Cheli called her daughter to the kitchen from her Monopoly game. Daniela had given an impressive interview on Democracy Now! from inside the field house a few weeks earlier that would have made a press secretary proud; as she shyly walked in the kitchen, avoiding eye contact in what appeared to be Hannah Montana pajamas, she again looked like a fifth grader. When I mentioned I had seen her on TV, she blushed.
Strength and success
During the occupation, as CPS dragged their feet on coming to an agreement, the parents decided they did not want to wait any longer for a decision on the library. They would make their own, there in La Casita. Book donations quickly poured in from around the world, and before long, La Casita had an impressively stocked library.
After almost a month and a half of negotiations with CPS administrators, including CEO Ron Huberman, the mothers finally got what they had been fighting for: a commitment, in writing, that La Casita would not be torn down, and that Whittier would get a library. The mothers were—and are—wary of CPS going back on its promises, but on the 43rd day of the occupation, they declared victory. The bold action of a sit-in had forced one of the largest school districts in the country to cave on every single major demand.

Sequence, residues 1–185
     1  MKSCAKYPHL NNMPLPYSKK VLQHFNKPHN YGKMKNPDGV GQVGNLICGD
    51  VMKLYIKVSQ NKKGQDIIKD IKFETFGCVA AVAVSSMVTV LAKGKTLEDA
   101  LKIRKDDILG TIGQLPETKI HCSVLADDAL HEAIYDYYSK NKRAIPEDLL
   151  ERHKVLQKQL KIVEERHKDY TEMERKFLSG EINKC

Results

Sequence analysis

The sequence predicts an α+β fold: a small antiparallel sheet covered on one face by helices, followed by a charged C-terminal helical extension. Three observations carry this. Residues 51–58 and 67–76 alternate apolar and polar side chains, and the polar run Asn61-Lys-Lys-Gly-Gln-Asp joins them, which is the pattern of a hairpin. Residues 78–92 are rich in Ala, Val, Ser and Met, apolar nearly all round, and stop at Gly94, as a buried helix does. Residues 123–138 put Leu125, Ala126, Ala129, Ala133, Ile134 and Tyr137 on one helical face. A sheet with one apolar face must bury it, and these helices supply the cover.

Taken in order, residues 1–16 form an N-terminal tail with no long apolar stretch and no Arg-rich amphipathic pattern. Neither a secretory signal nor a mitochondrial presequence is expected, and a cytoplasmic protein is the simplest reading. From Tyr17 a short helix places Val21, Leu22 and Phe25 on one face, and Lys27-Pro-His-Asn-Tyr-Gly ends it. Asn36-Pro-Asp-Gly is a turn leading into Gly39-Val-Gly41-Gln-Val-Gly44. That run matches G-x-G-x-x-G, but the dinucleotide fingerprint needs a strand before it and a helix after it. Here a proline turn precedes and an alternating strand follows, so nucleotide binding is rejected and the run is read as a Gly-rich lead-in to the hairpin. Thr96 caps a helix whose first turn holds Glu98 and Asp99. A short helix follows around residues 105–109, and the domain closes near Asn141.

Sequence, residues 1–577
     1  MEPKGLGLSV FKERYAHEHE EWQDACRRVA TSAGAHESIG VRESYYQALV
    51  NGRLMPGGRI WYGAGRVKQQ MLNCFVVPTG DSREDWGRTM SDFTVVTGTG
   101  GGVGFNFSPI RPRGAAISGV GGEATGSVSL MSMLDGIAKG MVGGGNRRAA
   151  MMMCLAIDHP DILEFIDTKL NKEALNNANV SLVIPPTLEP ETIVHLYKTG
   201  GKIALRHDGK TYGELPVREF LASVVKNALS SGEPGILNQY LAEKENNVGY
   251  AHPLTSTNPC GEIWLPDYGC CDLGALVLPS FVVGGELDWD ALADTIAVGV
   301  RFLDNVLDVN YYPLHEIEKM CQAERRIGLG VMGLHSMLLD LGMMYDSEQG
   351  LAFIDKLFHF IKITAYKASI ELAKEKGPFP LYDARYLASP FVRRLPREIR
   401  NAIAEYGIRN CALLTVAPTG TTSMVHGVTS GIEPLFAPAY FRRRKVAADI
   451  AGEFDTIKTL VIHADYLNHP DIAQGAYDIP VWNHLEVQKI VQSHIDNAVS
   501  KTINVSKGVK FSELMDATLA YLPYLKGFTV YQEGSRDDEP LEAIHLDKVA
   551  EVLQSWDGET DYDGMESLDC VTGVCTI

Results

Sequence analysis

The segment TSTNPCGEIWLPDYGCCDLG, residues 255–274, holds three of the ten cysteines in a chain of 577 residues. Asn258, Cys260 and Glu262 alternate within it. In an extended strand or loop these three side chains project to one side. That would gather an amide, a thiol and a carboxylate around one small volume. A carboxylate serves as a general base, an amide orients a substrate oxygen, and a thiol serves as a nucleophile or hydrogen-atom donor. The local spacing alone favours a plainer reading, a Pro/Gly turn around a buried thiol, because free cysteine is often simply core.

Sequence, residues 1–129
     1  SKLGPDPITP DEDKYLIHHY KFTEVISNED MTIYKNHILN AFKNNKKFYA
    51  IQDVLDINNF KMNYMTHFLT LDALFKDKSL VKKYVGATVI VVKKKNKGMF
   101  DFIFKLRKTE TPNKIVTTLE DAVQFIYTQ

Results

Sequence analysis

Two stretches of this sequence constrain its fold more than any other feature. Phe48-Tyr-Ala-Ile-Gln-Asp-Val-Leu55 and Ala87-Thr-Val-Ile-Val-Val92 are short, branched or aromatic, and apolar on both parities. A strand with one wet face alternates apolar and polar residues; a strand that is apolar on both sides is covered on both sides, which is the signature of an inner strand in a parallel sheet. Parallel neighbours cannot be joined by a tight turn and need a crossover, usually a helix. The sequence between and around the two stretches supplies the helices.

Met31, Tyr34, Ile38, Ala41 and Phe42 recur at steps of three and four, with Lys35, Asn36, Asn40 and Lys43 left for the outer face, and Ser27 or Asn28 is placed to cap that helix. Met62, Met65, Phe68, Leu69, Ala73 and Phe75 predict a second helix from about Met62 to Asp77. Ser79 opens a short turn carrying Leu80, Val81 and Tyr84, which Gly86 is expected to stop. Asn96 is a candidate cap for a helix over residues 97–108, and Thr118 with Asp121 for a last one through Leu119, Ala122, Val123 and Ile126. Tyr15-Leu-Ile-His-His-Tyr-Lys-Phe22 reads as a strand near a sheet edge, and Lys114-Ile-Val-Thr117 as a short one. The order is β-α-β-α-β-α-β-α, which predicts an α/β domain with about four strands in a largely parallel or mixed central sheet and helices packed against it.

Today, the mothers are still meeting with administrators, negotiating and ironing out details. Parents have begun meeting in the field house again, although CPS officials still classified the building as structurally unsound, preventing children from entering. But on the whole, the battle has been won.
Both women said their fight for La Casita had changed them profoundly.
“I realized how strong we were,” said Ana. “And now my kids know, too, that they can fight, and they can win.”
Cheli agreed. “At 46 years old, I am a completely different person. And I’m so glad.”
The women discussed how the future library would make them “the happiest people in the world.” And they thought of the other 146 schools in the city lacking libraries.
“I want parents whose kids don’t have a library to fight for one,” said Cheli. “Look at us: We won everything we wanted.”
Micah Uetricht wrote this article for YES! Magazine, a national, nonprofit media organization that fuses powerful ideas with practical actions. Micah is a staff writer for the Chicago web magazine GapersBlock.com, and is a frequent contributor to In These Times and WorkingInTheseTimes.com. He lives in Chicago, and can be reached at micah [dot] uetricht [at] gmail [dot] com.
"american kills" - Suicide the numbers are rising ....
Now Playing: MILITARY SUICIDE MURRAL
sebastian errazuriz: american kills
'american kills' installation
'american kills' by chilean-born new york based artist sebastian errazuriz is a public
installation showcasing the suicide rates of US soldiers. after searching on official
war sites on the internet, he accidentally found out that 2 times more american soldiers